The solution to broken service-delivery chains isn’t to replace touchpoint management. Functional groups have important expertise, and touchpoints will continue to be invaluable sources of insight, particularly in the fast-changing risk and security arena.
The hybrid approach Instead of the aforementioned, companies need to embed customer journeys into their operating models in four ways: They must identify the journeys in which they need to excel, understand the manager in which they are currently performing in each, build cross-functional processes to redesign and support those journeys, and institute cultural adaptation and continuous improvement to sustain the initiatives at scale
In companies within Al Thuraya Holdings, ideas are more important than where they came from. We talk about how you drive insight. Our group company is very non-hierarchical in structure. We have partners and associates but you are supposed to speak your mind. We hash things out, even down to who gets an upgrade on a flight.
Catalysts instead of Leaders Most of our competitors in our industry have a different way to run an organization. We try to make sure the people with the strongest reputations within the company are making the decisions. A lot of companies say they want to run a meritocracy and they want the best ideas to win, but usually the decisions are being made by the most senior person. Within our group of companies we have a set of social network vehicles that allow people’s reputations to emerge.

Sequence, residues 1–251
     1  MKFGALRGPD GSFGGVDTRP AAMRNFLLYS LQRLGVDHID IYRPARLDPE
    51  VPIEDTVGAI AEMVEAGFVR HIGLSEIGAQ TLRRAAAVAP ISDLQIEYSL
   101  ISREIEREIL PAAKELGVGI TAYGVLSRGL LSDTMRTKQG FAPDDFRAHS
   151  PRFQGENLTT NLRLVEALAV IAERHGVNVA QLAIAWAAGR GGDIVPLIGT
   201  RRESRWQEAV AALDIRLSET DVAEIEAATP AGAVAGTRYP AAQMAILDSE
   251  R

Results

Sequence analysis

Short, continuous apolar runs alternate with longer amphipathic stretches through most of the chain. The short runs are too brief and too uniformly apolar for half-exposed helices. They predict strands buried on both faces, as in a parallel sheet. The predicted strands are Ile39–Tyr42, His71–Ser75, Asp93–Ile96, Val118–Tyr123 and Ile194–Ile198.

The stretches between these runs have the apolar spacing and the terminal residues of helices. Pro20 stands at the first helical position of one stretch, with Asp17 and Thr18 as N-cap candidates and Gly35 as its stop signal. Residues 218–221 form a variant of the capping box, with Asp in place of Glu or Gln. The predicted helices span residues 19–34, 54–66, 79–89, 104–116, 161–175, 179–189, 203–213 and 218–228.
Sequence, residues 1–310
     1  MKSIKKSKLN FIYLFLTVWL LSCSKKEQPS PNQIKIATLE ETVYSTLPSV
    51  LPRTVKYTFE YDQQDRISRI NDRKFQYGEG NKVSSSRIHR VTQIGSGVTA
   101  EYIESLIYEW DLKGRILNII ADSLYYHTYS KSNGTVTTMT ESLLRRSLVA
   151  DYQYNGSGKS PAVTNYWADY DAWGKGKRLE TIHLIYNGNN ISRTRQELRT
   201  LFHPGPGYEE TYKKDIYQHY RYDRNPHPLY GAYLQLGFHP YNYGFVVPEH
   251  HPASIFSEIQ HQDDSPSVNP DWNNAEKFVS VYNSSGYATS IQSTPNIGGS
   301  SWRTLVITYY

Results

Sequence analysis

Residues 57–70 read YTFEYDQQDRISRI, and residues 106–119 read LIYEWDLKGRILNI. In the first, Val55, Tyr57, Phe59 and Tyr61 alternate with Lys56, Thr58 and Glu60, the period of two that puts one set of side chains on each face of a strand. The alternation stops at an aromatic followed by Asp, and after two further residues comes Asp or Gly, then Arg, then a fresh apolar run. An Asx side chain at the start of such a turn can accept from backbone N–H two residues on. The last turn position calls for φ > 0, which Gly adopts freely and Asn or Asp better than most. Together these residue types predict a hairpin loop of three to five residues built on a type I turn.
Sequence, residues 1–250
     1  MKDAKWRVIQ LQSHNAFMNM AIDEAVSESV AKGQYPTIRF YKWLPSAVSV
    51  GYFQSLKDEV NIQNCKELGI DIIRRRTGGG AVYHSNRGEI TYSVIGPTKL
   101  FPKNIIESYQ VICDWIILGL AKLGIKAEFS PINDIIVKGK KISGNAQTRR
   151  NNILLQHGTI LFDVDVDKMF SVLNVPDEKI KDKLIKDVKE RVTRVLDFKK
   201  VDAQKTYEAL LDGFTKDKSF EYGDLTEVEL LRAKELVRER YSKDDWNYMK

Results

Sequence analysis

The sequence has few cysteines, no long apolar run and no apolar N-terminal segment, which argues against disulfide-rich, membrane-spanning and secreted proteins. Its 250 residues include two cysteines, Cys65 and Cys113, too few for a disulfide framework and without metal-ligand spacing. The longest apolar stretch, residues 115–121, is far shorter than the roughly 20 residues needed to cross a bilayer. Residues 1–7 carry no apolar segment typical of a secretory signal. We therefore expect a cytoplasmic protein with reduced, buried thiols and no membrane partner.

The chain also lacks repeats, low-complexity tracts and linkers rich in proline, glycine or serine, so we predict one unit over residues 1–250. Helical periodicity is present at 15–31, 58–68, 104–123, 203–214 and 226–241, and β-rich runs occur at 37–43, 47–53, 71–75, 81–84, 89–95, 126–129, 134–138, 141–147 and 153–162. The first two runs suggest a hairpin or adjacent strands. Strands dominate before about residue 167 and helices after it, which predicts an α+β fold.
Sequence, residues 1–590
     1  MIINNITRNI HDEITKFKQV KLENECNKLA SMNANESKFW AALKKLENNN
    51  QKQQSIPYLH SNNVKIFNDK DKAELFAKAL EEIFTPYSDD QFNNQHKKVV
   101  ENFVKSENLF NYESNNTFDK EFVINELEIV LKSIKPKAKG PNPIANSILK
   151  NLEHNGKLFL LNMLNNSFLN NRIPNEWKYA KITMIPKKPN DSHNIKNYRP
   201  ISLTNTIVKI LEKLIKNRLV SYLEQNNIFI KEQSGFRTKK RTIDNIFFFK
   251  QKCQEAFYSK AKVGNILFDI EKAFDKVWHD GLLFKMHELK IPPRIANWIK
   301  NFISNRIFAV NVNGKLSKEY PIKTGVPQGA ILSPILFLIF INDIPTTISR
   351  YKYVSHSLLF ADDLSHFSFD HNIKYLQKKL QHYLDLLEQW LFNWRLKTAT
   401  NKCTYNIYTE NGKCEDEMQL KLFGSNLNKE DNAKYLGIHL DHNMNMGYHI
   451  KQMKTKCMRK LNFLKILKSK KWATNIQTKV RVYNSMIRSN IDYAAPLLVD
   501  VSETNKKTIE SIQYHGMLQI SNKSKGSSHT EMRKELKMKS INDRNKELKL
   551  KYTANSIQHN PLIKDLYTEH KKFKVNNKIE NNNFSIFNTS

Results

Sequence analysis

People who have built a reputation in an area are the people who make the decisions in that area. We are very focused on being inclusive and getting many people’s opinions about how we make decisions. We use the word “catalyst.” A leader is a catalyst who doesn’t drive or make decisions himself.
The difference Our customers want to hear our point of view on risk and security. But at the same time we want to make sure we stay very customer-focused as well as on-the-ground focused. Those ideas can be in conflict. I believe that Henry Ford said, “If I listened to my customers, I would have built a faster horse.” In order to resolve the conflict between leading and listening to our customers, we started talking about that challenge at employee meetings. We said we didn’t want to lose our edge and our ability to drive creative and scalable solutions. But at the same time we wanted to listen to customers. I asked employees to try to build that challenge into what they did every day. Our OpsRoom and TOCs team then built a whole new system that can do proactive assessment with regards to a customer needs or desire in the AOR they are operating in.